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- Halloween is a pre-Christian ancient Irish Celtic celebration called Samhain (pronounced sow-hen).
- Samhain celebrates the time of year between summer and winter when spirits pass through to the ‘next life’, and the living and dead can sometimes cross paths again.
- Samhain was celebrated November 1st. People would leave food on their doorsteps as offering for the ghostly dead.
- People wore costumes to disguise themselves to better blend in between the living and wandering ghosts.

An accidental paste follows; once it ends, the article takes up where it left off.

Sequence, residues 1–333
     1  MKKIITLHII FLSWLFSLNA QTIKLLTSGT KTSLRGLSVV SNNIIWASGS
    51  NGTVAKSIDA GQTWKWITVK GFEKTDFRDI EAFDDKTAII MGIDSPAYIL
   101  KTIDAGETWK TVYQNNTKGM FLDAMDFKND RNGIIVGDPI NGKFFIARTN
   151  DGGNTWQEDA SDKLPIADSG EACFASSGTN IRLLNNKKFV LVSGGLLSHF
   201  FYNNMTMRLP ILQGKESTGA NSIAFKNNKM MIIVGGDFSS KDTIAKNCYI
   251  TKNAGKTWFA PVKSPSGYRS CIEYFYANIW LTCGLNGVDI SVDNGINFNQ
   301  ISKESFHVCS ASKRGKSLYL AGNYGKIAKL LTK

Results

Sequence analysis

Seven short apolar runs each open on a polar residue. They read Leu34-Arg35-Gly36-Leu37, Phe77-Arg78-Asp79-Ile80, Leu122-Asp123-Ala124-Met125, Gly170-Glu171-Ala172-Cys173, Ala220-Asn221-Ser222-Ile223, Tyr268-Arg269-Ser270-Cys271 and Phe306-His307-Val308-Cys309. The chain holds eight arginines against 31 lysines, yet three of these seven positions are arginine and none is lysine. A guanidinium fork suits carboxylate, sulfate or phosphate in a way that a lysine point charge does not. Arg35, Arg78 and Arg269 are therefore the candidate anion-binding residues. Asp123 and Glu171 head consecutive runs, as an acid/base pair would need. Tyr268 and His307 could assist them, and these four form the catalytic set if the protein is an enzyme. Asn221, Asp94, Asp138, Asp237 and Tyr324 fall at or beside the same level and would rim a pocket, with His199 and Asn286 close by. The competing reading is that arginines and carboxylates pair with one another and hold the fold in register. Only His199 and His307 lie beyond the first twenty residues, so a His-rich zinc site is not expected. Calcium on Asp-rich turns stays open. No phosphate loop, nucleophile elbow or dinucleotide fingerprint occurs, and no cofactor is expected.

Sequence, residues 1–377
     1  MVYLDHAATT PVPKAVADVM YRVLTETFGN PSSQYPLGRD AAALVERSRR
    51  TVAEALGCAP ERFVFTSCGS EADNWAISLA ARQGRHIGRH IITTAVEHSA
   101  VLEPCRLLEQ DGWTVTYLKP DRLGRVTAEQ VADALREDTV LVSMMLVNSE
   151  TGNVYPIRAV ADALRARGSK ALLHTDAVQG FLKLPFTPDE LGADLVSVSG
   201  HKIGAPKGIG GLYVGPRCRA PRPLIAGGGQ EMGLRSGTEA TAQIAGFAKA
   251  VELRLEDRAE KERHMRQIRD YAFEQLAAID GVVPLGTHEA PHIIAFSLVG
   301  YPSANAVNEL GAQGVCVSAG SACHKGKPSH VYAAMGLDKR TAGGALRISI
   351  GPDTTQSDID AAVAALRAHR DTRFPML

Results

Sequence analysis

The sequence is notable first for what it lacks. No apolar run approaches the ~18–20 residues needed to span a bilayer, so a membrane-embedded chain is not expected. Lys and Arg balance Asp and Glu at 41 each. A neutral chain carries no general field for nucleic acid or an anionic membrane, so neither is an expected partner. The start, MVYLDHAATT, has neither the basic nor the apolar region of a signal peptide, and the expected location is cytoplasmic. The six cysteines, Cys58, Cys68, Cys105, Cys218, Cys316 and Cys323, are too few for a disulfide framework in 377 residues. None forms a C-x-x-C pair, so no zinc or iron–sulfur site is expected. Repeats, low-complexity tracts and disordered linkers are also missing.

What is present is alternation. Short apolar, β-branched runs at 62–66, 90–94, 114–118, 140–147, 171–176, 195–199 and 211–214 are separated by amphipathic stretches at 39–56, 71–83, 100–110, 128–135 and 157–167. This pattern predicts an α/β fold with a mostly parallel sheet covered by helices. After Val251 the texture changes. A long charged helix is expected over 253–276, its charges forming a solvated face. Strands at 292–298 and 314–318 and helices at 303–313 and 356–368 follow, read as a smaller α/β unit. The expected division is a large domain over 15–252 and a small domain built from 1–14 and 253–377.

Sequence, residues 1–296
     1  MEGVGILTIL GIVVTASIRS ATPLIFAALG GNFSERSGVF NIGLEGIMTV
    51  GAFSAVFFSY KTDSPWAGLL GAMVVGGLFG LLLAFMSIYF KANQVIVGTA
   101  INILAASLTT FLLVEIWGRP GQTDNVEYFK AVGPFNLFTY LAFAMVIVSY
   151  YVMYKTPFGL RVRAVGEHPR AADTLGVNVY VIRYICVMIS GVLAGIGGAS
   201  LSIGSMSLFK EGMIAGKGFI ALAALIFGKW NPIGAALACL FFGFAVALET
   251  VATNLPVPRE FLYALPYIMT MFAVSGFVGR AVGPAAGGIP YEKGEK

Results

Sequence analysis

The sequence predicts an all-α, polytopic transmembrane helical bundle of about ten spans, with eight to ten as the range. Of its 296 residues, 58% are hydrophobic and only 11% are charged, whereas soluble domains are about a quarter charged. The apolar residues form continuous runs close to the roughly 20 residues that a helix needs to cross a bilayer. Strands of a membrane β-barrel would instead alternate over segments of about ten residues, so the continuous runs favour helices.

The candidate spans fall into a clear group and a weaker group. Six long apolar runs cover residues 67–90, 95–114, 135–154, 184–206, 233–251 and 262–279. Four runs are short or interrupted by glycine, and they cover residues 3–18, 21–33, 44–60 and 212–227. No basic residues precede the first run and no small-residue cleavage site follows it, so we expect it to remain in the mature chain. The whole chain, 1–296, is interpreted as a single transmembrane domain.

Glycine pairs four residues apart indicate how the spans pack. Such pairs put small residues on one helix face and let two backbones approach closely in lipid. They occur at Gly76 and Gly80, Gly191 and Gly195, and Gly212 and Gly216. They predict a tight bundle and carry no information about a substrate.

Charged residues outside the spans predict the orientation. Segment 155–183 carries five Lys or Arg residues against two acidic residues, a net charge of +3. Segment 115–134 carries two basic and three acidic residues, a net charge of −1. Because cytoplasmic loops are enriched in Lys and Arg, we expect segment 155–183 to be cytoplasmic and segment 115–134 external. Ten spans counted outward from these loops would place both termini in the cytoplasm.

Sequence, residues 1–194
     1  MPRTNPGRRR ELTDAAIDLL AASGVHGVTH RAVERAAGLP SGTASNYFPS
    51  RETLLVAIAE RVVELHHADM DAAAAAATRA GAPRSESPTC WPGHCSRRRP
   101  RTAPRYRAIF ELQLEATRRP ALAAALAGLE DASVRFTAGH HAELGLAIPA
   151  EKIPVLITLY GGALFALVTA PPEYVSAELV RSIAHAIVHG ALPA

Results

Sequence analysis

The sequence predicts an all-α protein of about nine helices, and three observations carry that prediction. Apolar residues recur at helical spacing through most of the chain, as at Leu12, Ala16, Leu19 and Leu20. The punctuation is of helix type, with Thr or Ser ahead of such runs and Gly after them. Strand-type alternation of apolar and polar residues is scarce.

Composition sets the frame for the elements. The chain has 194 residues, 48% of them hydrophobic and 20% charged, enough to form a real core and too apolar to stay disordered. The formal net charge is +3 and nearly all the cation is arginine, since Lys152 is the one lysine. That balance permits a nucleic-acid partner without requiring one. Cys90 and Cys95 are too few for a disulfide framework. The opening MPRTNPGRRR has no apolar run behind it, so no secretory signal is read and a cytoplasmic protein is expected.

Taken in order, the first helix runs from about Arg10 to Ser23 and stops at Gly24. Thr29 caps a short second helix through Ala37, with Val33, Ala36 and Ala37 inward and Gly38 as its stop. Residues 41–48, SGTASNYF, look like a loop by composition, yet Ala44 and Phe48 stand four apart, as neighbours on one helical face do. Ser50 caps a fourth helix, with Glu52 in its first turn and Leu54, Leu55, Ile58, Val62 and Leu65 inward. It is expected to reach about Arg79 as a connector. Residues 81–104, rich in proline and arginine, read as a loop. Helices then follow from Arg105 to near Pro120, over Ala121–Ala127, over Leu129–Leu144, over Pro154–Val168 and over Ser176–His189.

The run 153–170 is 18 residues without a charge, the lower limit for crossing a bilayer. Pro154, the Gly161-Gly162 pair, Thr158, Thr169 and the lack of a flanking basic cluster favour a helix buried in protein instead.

- In the 8th century the Christian church hijacked the Samhain celebration and renamed it All Saints Day, also known as All Hollows. The night before All Hollows became Halloween.
- When Irish and Scottish immigrants moved to America and Canada in the 1800s, they brought the Halloween traditions with them which later became trick-or-treat.
- Pumpkins (or turnip) lanterns welcome familiar spirits of the dead and keep evil spirits away.